With language that curbs access to abortion, birth control, and maternity coverage, Senate Republicans' new health care bill will seriously harm women's health care, should the legislation pass. Critics have said that one of the core issues with the Better Care Reconciliation Act (BCRA) is that it was written mostly by men.
When Senate Republicans first set out to craft their own health care legislation in early May, Senate Majority Leader Mitch McConnell announced he'd put together a group of 13 legislators to draft the Senate's health care bill. The problem? All of them were men. McConnell's all-male health care reform working group spurred criticism from both Democrats and voters outraged that men would once again be responsible for crafting legislation that stands to dramatically impact women's health.
"The GOP is crafting policy on an issue that directly impacts women without including a single woman in the process," Democratic Sen. Kamala Harris said in a tweet published shortly after the group was announced in early May. "It's wrong."
But McConnell pushed back against claims women were being excluded from the table where health care legislation was being hammered out. "Nobody's being excluded based upon gender," he told CNN, adding that all 52 Republican senators were "having extensive meetings every day" and were "the working group that counts." Although McConnell defended the all-male makeup of his health reform group, a woman was eventually invited to participate. Republican Sen. Shelley Moore Capito was invited to participate in at least one of the group's meetings, although it was not clear at the time if she would become a permanent member.
With women reportedly far from being fully represented in the closed-door meetings on the health care legislation, it's no wonder women's health appears to take such a hit in the Better Care Reconciliation Act.
According to a discussion draft of the bill, insurance plans that include abortion services could no longer be purchased with subsidies. To be clear, the bill does not prohibit or criminalize abortion. Rather, it removes any plan which provides coverage for abortion services — with exceptions made only in cases where abortion is "necessary to save the life of the mother" or in the case of "an act of rape or incest" — from the definition of a plan that qualifies for subsidized coverage.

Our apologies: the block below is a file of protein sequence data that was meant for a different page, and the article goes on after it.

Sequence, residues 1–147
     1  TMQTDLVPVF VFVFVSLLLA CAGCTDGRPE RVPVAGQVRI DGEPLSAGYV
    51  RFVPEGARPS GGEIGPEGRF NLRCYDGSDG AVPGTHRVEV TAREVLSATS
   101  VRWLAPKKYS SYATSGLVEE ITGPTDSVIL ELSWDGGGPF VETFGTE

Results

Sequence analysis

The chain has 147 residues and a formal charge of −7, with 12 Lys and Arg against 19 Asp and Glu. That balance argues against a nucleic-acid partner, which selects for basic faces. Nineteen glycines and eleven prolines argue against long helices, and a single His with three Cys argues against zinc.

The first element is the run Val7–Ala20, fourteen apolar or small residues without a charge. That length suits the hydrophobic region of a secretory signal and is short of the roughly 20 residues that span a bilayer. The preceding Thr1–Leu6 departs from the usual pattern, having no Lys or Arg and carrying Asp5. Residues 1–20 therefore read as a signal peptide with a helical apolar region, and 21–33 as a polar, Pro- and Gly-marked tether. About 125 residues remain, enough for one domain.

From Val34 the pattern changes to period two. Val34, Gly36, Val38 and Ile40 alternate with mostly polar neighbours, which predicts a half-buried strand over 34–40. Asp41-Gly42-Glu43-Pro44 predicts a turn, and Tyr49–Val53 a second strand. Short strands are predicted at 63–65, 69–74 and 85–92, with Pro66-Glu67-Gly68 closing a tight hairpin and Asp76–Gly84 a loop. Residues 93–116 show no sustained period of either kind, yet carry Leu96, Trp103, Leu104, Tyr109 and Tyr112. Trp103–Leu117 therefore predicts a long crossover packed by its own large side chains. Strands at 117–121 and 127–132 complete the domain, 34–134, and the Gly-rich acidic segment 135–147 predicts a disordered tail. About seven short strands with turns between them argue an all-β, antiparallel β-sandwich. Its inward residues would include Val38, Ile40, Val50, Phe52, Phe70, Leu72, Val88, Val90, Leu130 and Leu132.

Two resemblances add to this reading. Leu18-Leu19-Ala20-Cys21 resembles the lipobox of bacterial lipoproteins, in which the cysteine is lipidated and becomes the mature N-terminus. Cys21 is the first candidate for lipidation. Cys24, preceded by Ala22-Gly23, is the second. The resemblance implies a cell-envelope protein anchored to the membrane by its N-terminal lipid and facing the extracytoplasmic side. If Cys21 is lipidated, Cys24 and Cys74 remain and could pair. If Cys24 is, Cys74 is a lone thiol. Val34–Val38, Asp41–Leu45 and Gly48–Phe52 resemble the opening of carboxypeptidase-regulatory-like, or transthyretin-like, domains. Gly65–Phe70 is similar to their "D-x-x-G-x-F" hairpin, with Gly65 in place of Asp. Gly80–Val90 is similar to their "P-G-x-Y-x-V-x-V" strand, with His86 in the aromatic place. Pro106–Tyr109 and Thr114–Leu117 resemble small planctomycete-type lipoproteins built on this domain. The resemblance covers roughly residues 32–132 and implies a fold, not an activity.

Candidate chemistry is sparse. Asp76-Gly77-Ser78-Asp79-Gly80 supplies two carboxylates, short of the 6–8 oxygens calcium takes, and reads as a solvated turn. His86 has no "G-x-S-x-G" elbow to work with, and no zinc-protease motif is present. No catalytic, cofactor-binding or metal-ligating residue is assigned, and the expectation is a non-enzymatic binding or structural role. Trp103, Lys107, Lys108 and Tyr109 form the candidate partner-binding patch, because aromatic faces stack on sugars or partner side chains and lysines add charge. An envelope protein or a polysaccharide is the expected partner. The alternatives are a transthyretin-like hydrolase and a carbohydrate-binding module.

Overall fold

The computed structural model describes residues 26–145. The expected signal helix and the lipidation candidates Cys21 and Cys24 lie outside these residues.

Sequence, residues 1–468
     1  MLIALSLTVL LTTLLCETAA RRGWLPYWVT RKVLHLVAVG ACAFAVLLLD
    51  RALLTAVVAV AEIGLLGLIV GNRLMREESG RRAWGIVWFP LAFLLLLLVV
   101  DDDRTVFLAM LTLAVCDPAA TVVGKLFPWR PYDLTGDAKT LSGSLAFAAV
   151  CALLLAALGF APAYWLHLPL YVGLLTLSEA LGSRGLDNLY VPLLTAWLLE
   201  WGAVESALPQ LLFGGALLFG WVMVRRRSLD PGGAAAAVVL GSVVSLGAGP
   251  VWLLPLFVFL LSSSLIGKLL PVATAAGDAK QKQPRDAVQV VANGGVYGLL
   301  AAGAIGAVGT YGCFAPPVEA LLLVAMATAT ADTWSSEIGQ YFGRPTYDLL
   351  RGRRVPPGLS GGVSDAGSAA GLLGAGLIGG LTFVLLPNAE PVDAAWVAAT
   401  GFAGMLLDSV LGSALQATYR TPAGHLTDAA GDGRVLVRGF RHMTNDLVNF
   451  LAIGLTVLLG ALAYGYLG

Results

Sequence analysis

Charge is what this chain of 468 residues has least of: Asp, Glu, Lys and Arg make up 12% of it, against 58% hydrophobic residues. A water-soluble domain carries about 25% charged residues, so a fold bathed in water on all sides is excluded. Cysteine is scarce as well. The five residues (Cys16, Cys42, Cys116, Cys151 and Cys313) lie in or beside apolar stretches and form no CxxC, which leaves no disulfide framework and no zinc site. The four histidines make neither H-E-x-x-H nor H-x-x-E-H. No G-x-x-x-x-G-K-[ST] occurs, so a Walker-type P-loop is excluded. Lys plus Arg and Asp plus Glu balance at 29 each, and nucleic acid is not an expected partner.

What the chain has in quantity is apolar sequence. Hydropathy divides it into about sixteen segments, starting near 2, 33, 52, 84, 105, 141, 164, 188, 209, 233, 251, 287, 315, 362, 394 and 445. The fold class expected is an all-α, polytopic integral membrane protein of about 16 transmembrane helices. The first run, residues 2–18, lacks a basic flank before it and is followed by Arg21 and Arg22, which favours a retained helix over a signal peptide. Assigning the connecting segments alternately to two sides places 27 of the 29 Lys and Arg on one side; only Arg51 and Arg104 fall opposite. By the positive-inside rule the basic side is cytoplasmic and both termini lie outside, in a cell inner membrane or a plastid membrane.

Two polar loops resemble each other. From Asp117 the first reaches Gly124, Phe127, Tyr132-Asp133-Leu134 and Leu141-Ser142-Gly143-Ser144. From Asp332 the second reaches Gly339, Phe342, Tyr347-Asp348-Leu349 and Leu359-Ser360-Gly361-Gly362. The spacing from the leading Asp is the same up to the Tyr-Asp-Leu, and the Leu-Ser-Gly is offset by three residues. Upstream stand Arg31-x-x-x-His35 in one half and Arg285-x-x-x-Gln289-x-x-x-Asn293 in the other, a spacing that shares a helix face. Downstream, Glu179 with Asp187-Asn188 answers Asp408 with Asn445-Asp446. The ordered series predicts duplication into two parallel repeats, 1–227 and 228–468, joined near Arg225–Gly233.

The new bill also includes a provision to block Planned Parenthood from receiving Medicaid reimbursements for one year, a move that would likely have serious repercussions for low-income women who rely on the nonprofit health care organization for contraception, pap smears, cancer screenings, and STD tests and treatment.
In a tweet on Thursday, Planned Parenthood CEO Cecile Richards called it "the worst bill for women’s health in a generation."
This isn't the first time Republicans have appeared to place the fate of women's health solely in the hands of men. As House Republicans scrambled to shore up support for the American Health Care Act earlier this year, a photograph of Vice President Mike Pence meeting with members of the House Republican Freedom Caucus to discuss key provisions such as rolling back coverage of "essential benefits" like maternity services drew criticism as there, once again, appeared to be no women present at the table.
With women's voices conspicuously absent from much of Senate Republicans' discussions, the health care bill's restrictions on basic health services for women indicate to critics that Republicans failed yet again to prove that they could do better for women.